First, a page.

But more than anything, let’s take responsibility for what’s going on in the world, by leading meaningful lives and not just this silliness infused by consumerism. Let’s appreciate life above stuff; let’s honor the planet and respect our bodies; let’s stop bigotry and hatemongering, which on the long run lead to these tragedies.

Let’s unite to stop terror.

The intelligent immune system

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Living healthy can prevent almost any illness. Healthy environment, diet and stress reduction strategies are key to health.

Fifty years ago, we knew little about the immune system. Back then, only a handful of illnesses were classified as autoimmune conditions where the immune system doesn’t recognize proteins normally present in the body and attacks its own cells. Today, researchers have found that autoimmune responses explain about at least 10 percent of the diseases that affect the planet’s population; among them, diabetes (type I), lupus, multiple sclerosis and rheumatoid arthritis, to name only the most common ones. But other conditions such as ulcerative colitis and even schizophrenia are possibly linked to autoimmune responses. Furthermore, coronary disease has been related to the efficiency of the immune system in clearing up plaque deposits in the arteries of the heart.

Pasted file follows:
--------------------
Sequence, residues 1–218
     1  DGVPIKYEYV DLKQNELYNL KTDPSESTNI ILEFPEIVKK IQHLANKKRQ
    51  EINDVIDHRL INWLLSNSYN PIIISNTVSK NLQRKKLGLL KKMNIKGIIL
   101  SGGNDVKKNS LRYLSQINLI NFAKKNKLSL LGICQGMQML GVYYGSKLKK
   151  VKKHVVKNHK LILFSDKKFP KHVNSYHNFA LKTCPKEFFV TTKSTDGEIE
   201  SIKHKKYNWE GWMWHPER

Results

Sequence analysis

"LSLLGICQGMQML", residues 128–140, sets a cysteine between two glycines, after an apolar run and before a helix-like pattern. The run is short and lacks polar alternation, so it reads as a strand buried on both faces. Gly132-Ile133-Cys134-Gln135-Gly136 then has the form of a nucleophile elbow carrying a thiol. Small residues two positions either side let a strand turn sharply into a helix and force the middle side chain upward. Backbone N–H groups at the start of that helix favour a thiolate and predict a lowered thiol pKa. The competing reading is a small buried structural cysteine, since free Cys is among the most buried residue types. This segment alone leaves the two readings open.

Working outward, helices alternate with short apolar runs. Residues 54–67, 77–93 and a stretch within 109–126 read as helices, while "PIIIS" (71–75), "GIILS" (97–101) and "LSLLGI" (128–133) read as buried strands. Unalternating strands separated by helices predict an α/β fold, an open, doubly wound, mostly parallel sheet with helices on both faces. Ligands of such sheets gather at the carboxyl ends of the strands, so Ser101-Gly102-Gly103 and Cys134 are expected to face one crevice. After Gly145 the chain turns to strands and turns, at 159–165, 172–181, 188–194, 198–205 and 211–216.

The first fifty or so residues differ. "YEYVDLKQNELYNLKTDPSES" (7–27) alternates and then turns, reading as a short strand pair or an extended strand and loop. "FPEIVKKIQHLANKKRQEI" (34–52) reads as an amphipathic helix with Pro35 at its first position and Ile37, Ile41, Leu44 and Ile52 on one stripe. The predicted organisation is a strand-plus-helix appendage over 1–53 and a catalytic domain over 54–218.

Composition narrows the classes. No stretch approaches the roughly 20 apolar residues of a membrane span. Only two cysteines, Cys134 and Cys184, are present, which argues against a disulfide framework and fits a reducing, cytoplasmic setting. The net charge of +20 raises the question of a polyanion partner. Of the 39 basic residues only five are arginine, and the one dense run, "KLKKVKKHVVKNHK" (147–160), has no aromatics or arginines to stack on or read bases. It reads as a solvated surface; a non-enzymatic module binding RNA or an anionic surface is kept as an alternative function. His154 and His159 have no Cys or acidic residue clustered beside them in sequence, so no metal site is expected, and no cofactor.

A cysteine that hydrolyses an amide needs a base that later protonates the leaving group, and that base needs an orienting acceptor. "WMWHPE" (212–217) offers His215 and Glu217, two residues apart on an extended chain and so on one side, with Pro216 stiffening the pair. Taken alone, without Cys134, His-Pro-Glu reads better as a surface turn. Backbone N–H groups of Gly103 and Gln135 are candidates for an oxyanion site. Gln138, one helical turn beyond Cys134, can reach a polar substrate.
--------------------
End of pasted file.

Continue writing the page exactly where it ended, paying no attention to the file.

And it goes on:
By the end of the 19th century, when vaccines were invented, Louis Pasteur discovered germs as the cause of many illnesses and later bodily reactions to specific microorganisms, like the tuberculosis Koch’s bacillus, were identified, confirming the existence within the body of the immune system. Initially, immunity was conceptualized as a defense army in charge of destroying an enemy, concept that reflects a predominantly martial mentality in society. Mainstream western medicine still holds this concept. However, a holistic approach will more accurately reflect the amazing immune system.

Researchers Koch and Pasteur inaugurated a craze where most illnesses started to be explained as caused by germs. In the early 1940s, viruses were found capable of generating illness, and the sixties and seventies saw a great boom in virology, when researchers tried to establish a causal relationship between viral infections and cancer. This causal relationship has however not been confirmed. In some cases, like the infection by papilloma virus (HPV) there seems to exist a strong correlation to cervical cancer in women. However, scientific evidence points to chronic inflammation (not the viral infection) as the precursor of cancer. Take into account that inflammation is modulated by the immune system and that our inflammatory response depends on our lifestyle.

Science has advanced  a great deal. Studies have established that human bodies continuously produce cancer cells but thanks to an immune system capable of recognizing misbehaving cells, cancer can be prevented. By isolating, reeducating and/or destroying those crazy cells, the immune system can keep us cancer free. A clear relationship between cancer and the immune system has thus been established. When the immune system is not working optimally, cancerous cell growth might go out of control.